Journey to an Automated Cloud Part 1

Are you ready to automate everything?  Does you boss want some of that cloud?   Well everywhere I turn people want to get into the cloud.  They all want a vendor product to provide the cloud.   Every vendor show I to go to has hundreds of products to solve that problem.   In my experience it is not a product problem that limits our journey to the cloud.   In these series of articles I will explore some of my thoughts on your journey to the cloud.

 

Part 1 – Where am I and what do I want?

My thoughts for this part are best explained by an exchange from Alice in Wonderland:

 

“Would you tell me, please, which way I ought to go from here?”
“That depends a good deal on where you want to get to,” said the Cat.
“I don’t much care where–” said Alice.
“Then it doesn’t matter which way you go,” said the Cat.
“–so long as I get SOMEWHERE,” Alice added as an explanation.
“Oh, you’re sure to do that,” said the Cat, “if you only walk long enough.”

The cat completely covers my feelings if you don’t know what you want it does not matter which way you go.  Most engineers are stuck with the problem of lack of definition.   We want to get into cloud provisioning.  We want to get to 20 minute deployments of servers.   We need to be more like Amazon.

 

Let examine these statements a little:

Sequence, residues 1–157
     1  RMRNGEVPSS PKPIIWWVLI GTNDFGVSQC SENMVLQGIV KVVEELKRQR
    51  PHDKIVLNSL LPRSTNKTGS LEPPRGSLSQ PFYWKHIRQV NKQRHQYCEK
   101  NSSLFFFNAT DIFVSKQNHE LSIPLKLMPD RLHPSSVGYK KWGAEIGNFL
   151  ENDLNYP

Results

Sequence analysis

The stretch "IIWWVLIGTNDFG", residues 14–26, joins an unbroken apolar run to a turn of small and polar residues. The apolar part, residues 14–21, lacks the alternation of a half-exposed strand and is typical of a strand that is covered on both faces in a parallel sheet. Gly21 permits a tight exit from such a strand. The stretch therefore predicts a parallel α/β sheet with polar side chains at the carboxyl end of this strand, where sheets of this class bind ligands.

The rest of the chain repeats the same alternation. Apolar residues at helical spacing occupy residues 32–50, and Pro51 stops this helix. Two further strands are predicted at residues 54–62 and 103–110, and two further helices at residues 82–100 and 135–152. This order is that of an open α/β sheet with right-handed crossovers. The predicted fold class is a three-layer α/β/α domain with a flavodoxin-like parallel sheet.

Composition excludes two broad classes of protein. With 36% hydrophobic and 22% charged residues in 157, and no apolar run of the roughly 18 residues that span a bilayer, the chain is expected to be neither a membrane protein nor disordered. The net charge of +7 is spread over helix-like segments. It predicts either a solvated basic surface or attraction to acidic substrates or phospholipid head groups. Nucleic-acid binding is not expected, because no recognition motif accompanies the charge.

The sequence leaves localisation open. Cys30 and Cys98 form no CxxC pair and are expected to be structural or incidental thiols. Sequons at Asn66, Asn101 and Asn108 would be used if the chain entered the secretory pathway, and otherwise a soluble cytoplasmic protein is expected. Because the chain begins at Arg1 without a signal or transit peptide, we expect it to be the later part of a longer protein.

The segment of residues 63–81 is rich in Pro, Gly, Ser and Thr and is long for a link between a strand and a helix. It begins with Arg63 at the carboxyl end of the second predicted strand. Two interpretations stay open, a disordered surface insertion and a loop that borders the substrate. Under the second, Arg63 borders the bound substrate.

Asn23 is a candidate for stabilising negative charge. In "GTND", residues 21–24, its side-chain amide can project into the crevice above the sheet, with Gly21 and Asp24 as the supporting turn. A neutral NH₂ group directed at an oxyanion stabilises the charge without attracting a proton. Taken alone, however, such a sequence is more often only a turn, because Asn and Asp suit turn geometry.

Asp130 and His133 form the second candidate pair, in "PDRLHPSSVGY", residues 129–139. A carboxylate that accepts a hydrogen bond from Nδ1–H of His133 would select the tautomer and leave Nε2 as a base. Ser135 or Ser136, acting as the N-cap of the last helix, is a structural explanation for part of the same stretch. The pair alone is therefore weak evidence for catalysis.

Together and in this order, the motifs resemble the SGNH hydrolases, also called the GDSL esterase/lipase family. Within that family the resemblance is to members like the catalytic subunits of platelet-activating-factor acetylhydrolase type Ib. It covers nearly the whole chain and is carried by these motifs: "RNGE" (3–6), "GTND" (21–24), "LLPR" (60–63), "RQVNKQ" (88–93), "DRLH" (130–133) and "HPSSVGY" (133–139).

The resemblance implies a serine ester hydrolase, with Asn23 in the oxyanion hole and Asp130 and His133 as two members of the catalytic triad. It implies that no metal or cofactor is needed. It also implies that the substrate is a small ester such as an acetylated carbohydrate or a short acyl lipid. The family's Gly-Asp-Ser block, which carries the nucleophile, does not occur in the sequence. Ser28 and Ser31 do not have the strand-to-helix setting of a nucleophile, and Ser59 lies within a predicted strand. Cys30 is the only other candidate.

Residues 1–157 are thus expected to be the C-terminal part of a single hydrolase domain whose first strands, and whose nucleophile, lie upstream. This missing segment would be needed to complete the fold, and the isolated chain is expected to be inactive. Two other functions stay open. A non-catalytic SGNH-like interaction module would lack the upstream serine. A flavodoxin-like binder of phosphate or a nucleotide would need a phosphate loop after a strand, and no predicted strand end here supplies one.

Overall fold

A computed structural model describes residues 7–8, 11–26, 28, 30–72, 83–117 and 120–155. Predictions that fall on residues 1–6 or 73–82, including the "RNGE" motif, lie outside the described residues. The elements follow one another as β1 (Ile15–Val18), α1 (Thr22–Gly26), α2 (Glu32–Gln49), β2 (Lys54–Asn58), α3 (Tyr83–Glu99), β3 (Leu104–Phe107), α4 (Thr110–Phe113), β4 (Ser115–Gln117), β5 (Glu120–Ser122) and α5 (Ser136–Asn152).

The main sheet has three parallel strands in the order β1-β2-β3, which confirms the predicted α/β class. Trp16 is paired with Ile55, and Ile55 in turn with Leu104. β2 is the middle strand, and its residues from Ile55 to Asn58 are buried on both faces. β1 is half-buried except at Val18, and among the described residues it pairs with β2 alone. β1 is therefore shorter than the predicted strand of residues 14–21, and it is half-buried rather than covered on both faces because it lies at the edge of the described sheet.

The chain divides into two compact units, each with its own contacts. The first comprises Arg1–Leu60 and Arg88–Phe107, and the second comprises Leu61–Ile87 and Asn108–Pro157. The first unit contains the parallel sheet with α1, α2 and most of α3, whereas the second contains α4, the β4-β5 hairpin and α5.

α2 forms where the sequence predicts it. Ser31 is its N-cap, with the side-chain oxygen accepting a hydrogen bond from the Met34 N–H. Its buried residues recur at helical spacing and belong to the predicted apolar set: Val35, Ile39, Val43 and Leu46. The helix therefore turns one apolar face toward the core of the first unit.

We want to get into cloud provisioning.

  • Does this mean you want to use public cloud for servers?
  • Does this mean you want a web portal for provisioning servers?
  • What does this mean?  It’s like me telling you I want to enforce family values… We all want family values but every family has a different definition

We want to get to 20 minute deployments of servers.

  • What type of server do you want deployed in 20 minutes?  OS, Application, three-tier?
  • What does deployment mean?  Powered on?  Able to talk on the network?  Internet facing?

We need to be more like Amazon.

  • You want to deploy unsecured operating systems without backup quickly?
  • You want to have pay as you go for our customers?

 

I want to be fair and emphasize that all these statements are valid but without definition and that every one of these offerings have positive sizes as well.  What they lack is business definition.   In almost every cloud situation the business wants IT to be more agile.   They want processes to go more quickly.    Universally they cannot understand why provisioning a server takes so long and is so complex.  Honestly nether can I.   I have made a career out of complex servers and it has to stop.    So before you start down some unknown paths with the cat ask some critical business questions (no engineer likes them but you need to ask them).

For example:

  • What pain point are we trying to solve with the cloud
  • What specific expectations do you have for the cloud
  • What is the timeline for the cloud

If during any of this conversation products come out know it’s normal.    Business people explain technology in terms of products.   (For example I want it to be like an ipad with dropbox) These statements are not locking you into a product they are helping you define requirements.    Ask questions about the product to help define requirements.   It is critical that you translate their products into requirements and constraints.    Once you have translated their needs into requirements statements get them to sign off on it.

 

Where am I?

In almost all cloud deployments it’s really about adding automation to all aspects of the service.   This allows you to be more agile to change.   Before you can begin your transformation you need to define your starting point.

Picture1